“It’s no wonder: here we have an eloquent hymn to human energy and its creative power. She sought to highlight the difference it made in America that the individual was permitted freedom from government authority. The Americans broke from the idea that dominated all over human history that they must depend on some overarching authority in government to grant them well being, and thus when good happens, we owe ever more to the powers that be.

    The one idea that this is not the case, that human beings have within themselves the capacity to make their own way, she wrote, created the most glorious civilization in world history. Her passion was to help others see the cause: not authority but individual initiative and action.

    She traced out this idea to provide sketches of history from the ancient world to the mid-20th century, believing that she had discovered the answer to what transformed the world from a dark, miserable, sickly, and dangerous place to one where humans thrive and create.”

  5. Pat says:

    I read all but one of the “Little House” books. At least four of the books detail what it was like for the family to file for the claim and to meet the requirements for keeping the land. The family was hardly alone. They were part of a small but growing community in the Dakota Territory who helped one another. The Long Winter appears to coincide with the year after Krakatoa erupted. Wilder tells how the town was saved from starvation by the actions of community members. I have no doubt there were commissions and omissions because these were works of fiction, not autobiographies. That doesn’t take away from their worth.
    I’m almost surprised Ms. Woodside didn’t accuse the authors of racism, given that Laura Ingalls Wilder told a vivid story of townspeople putting on their own minstrel show.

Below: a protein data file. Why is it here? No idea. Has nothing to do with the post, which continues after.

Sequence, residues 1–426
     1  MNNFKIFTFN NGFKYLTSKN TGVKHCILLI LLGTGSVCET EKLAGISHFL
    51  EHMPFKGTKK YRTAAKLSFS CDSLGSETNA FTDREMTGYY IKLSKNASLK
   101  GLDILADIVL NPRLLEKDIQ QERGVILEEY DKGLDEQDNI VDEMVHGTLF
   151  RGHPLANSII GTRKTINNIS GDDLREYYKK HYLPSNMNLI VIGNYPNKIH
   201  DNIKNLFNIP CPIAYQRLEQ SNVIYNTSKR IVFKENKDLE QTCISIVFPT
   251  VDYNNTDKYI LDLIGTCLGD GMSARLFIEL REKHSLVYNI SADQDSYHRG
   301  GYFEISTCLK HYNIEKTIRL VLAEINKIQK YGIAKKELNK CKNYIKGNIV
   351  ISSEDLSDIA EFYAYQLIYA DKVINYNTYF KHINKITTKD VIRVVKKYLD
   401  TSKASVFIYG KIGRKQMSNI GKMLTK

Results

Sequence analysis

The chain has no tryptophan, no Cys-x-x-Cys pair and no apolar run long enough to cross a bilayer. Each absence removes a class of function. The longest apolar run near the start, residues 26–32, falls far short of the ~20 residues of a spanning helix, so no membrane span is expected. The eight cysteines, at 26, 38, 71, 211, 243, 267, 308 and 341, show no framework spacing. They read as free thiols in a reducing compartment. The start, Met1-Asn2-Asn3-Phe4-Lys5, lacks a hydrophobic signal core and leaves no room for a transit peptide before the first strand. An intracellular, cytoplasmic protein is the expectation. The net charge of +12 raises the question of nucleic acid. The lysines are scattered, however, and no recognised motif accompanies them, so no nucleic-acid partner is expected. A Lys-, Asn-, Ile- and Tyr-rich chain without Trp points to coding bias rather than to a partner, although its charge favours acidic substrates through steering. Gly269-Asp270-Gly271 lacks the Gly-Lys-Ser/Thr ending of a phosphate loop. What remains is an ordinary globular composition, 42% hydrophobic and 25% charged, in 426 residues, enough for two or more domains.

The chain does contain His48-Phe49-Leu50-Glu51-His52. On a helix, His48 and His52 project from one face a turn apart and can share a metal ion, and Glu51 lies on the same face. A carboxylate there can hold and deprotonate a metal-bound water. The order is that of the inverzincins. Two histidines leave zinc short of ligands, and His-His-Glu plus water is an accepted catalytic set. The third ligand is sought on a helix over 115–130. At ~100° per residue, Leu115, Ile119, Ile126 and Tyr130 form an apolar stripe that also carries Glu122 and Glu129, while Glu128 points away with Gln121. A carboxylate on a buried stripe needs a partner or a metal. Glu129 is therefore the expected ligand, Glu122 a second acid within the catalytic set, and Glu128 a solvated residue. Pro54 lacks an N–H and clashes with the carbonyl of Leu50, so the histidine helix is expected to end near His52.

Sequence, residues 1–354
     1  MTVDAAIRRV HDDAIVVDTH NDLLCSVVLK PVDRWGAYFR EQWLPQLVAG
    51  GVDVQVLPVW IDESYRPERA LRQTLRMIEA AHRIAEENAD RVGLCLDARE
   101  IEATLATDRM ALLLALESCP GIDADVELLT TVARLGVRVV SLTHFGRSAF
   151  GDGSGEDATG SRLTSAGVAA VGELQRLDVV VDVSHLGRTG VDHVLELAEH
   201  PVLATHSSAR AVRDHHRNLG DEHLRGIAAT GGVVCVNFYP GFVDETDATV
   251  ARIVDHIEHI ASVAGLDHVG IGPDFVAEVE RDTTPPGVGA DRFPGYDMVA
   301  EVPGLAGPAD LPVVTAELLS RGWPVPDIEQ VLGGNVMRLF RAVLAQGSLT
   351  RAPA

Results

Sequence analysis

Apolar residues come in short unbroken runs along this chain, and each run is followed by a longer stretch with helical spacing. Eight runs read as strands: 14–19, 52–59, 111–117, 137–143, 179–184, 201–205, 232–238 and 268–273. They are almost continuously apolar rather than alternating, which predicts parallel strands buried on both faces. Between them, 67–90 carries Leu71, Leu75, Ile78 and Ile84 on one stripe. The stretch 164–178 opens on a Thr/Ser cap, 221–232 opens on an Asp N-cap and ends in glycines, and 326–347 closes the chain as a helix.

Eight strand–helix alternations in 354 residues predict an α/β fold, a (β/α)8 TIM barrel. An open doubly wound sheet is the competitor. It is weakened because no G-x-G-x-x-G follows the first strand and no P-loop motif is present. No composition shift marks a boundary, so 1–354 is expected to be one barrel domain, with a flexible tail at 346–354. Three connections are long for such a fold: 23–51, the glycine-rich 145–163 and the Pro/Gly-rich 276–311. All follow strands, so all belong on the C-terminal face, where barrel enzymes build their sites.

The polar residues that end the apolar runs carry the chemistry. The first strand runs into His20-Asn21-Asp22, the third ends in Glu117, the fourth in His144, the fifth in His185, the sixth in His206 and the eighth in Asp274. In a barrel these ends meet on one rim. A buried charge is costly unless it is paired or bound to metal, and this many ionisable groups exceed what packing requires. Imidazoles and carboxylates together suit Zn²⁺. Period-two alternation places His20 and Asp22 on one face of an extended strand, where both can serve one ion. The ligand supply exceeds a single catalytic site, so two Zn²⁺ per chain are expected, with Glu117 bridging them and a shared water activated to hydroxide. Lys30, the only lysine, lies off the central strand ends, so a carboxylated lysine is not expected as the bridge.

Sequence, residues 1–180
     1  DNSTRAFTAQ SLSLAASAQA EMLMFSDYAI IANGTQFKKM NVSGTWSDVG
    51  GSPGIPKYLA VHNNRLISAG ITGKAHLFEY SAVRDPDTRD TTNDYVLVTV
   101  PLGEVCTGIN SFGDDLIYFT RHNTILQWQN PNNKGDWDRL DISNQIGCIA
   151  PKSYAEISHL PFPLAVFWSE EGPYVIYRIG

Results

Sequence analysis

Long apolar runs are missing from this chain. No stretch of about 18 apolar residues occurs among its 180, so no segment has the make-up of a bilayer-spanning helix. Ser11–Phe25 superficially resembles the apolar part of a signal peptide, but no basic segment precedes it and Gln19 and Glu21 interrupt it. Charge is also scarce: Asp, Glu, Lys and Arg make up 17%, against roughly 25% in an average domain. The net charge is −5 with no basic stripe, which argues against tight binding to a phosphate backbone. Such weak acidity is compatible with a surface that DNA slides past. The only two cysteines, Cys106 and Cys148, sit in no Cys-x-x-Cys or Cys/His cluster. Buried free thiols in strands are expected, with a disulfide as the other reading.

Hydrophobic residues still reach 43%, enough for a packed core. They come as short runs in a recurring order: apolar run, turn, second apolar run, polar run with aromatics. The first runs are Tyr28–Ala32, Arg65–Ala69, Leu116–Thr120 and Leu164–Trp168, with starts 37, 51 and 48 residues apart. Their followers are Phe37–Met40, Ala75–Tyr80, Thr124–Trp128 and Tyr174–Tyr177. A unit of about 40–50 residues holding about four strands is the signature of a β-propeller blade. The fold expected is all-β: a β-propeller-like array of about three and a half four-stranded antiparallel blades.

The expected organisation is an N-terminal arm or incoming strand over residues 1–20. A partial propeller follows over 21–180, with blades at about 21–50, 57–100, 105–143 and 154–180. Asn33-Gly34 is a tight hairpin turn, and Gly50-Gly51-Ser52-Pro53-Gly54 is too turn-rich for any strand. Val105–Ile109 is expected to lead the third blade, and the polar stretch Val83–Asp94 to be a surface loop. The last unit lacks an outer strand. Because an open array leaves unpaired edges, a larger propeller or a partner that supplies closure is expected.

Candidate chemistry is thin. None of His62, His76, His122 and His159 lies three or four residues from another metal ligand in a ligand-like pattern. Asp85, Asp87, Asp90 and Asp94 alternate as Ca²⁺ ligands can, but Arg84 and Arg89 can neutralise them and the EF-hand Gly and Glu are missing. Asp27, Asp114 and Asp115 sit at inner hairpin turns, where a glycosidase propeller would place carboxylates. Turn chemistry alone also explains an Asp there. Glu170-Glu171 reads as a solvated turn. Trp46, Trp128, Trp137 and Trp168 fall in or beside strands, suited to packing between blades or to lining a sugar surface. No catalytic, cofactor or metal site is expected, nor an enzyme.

I’ve never read anything by Rose Lane, but it’s hard to believe Mrs. Wilder wrote her books as anti-FDR sermons, given that she was sixty five when FDR was first elected.

  6. Lynn A. Bloxham says:

    I cannnot add or improve upon what was stated by Paul or above except that lately we have had attacks on Ayn Rand, so this was simply next. Probably Mark Twain will follow.

  7. …. Comrade Christine Woodside, in a tendentious article for the Boston Globe, alleges that Laura Ingalls Wilder and Rose Wilder Lane advanced an anti-FDR libertarian agenda.

    …. Woodside says that in 1943, Ms Lane was so outraged by a radio broadcast about Social Security that she penned an angry postcard comparing such programs to Nazi policies ….

    No surprise the fascist Left is still rewriting history. Seems it didn’t get the memo about the internet, instantaneous sharing of un-spun truth and that We Who Are Right now own and/or control the Rhetoric!

    And just wait until poor Comrade Woodside and her cell get their hands on Stalin’s Secret Agents: The Subversion of Roosevelt’s Government, by M. Stanton Evans and Herbert Romerstein. (Amazon: )

    His “administration” top-to-bottom riddled with and run by Soviet agents, Franklin Roosevelt’s New Deal was such an unvarnished unconstitutional expansion of fascist federal power that it turns even the massive government expansionist, Nixon, into a piker by comparison and causes the of-a-totalitarian-bent, Zero, to seem irrelevant.

    Brian Richard Allen